UK Screen Alliance Says Government’s “Disastrous” Post-Brexit Immigration Plan Will Damage Film & TV Industry Growth & Add Costs


UK Screen Alliance, the trade body representing the UK VFX, post-production and animation industries, has slammed the Government’s post-Brexit Immigration Bill white paper, calling it “disastrous.”

The Government’s proposal, published yesterday, is to implement a single visa scheme for both EU and non-EU immigration based on the ‘Tier 2’ visa regime that currently exists for non-EU immigration. This would include a minimum salary threshold of £30,000.

The UK Screen Alliance said this will “severely limit the VFX and animation industries’ access to the international talent it needs to succeed and continue to grow. One in three workers in VFX and one in five workers in animation are from the EU. Expensive visas with unrealistic minimum salary thresholds will add significantly to operating costs and impact on the sector’s competitiveness in the global market. UK Screen Alliance’s own research shows that 7% of the combined animation and VFX workforce are from the EU and are remunerated below £30,000.”

Following reported differences of opinion in Cabinet, the Government has decided to put the visa salary threshold issue out to consultation.

Chief Executive of the UK Screen Alliance, Neil Hatton said, “Salaries are a very poor indicator of skill levels. The remuneration levels in the creative industries in general are lower than say the financial services sector. A blunt instrument like Tier 2 does not account for these sectoral differences and to apply it to all migration will greatly disadvantage VFX and animation in securing the fresh high potential talent from the EU necessary to deliver continued growth. We welcome the Government’s decision to let employers have their say on what would be a disastrous policy.”

“The salary inflation necessary to remunerate these roles at the current £30k Tier 2 threshold would add £2.5million to the collective payroll costs of the VFX industry. Then there would also need to be an adjustment to salaries of UK citizens in these same roles to maintain parity and adjustments to job grades above to maintain differentials. Overall this could add 3% to 5% to overheads and seriously damage competitiveness.”

The white paper acknowledges that there could be threshold reductions for occupations in shortage, but minimum salary restrictions are not UK Screen’s only concerns. The Government also proposed levying the Immigration Skill Charge onto EU visas. The charge which is already applied to non-EU Tier 2 visas is £1,000 per year and the Immigration Health Surcharge paid by visa holders and any dependents they bring with them, is set to increase to £400 per year.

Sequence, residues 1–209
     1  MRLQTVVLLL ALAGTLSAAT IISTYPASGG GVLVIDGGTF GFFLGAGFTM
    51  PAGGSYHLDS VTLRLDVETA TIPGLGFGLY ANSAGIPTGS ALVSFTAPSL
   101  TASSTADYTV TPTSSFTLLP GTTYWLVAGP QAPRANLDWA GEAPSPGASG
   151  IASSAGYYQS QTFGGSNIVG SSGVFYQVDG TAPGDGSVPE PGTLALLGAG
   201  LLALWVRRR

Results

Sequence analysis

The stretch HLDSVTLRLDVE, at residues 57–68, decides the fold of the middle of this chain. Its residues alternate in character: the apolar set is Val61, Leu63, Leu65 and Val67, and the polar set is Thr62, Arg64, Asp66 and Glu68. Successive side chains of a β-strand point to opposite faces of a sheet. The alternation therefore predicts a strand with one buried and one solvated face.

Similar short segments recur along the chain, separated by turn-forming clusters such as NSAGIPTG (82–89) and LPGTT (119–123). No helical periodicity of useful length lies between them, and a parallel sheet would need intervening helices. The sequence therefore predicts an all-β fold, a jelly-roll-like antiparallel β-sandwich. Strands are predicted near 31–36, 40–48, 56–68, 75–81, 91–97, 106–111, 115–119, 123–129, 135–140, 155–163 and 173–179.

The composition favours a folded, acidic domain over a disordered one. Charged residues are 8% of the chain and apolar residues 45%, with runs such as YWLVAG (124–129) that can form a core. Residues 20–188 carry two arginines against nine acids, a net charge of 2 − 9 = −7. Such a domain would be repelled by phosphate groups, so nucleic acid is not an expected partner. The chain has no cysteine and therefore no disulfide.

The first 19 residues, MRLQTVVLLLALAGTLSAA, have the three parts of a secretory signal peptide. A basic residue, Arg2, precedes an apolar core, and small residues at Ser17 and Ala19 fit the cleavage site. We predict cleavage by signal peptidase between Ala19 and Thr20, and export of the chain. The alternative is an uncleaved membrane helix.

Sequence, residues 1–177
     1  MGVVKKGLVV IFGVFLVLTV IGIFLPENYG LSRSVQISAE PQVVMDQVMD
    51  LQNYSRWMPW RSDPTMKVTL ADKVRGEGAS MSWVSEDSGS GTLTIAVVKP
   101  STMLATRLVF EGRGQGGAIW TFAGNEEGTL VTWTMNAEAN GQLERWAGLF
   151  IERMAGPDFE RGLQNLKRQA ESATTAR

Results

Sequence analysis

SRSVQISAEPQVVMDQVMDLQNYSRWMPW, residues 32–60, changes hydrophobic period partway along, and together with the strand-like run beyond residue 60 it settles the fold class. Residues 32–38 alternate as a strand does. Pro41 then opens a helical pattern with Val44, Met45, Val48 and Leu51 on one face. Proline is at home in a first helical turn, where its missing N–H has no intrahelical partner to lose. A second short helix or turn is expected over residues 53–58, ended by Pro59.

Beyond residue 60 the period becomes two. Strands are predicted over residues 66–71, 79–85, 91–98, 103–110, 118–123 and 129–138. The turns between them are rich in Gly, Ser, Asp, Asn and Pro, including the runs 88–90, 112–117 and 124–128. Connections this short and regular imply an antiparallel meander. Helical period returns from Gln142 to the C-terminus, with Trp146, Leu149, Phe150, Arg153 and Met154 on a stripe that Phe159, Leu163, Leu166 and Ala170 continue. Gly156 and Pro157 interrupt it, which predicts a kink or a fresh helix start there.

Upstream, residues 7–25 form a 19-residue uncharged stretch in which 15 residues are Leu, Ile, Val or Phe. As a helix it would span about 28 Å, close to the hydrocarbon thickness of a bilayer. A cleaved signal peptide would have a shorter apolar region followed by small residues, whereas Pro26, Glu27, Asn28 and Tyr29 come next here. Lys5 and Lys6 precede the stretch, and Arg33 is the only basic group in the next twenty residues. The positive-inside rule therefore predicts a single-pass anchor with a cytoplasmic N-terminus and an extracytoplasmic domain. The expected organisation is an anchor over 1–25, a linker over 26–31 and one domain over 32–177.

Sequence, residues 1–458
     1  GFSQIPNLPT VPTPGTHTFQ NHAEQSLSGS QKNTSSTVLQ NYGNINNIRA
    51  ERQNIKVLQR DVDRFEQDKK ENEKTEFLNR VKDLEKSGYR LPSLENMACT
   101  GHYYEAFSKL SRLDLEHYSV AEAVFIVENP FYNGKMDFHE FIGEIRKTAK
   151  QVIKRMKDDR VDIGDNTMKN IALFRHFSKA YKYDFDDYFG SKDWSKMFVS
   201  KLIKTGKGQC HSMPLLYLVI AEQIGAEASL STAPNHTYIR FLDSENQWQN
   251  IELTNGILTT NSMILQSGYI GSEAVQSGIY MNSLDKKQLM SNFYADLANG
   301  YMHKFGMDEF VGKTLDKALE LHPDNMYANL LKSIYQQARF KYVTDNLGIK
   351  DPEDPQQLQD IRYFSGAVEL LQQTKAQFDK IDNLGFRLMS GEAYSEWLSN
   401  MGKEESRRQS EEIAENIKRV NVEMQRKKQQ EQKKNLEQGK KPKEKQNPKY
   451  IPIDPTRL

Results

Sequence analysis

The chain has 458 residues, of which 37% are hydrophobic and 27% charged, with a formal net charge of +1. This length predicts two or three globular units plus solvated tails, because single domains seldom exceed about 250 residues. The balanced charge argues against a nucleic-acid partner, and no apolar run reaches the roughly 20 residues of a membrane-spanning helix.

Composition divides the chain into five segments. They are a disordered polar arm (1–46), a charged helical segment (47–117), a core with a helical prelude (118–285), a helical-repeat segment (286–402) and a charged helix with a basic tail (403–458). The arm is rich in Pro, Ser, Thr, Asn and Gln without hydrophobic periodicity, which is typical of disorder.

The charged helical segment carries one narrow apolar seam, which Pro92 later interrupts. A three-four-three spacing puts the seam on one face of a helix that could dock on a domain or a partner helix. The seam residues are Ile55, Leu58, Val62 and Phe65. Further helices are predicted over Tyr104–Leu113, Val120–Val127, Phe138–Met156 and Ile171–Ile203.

Fiona Walkenshaw, Global MD of Film at Fantastic Beasts and Avengers VFX firm Framestore said, “The potential cost is horrific. It will have a major impact on competitiveness across our industry, as we collectively hire the best graduates in Europe. Now other member states will build clusters and dilute the UK’s global centre of excellence.”

UK Screen Alliance estimates that there are around 750 new hires each year in VFX and animation who are EU citizens. It concedes that it is impossible to predict how many of these new EU hires in future will have “settled” or “pre-settled” status in the UK or intend to return to their country of origin at the end of their contracts, but it says in a worst-case scenario visa application costs for EU citizens would add a further £2.3 million to workforce overheads.

The UK Screen Alliance has a number of UK skills growth programmes it is working on but cautioned that it “will take as much as ten years to make a real impact on the supply of suitable home-grown applicants, in which time if our access to global talent is restricted by an unsympathetic visa system, we risk losing our place as the world’s leading base for VFX.”

Hatton concludes, “UK Screen Alliance will continue to make evidence-based representations to Government on behalf of its members to secure cost-effective access to international talent. We will engage vigorously with the proposed and current consultations, starting with the increasingly important Shortage Occupation List review which closes in early January.”

As the UK hurtles towards Brexit, there remains a startling lack of clarity over what the UK’s relationship with the EU will look like. As far as the UK Screen Alliance is concerned, it certainly won’t be advantageous for the film and TV sectors.

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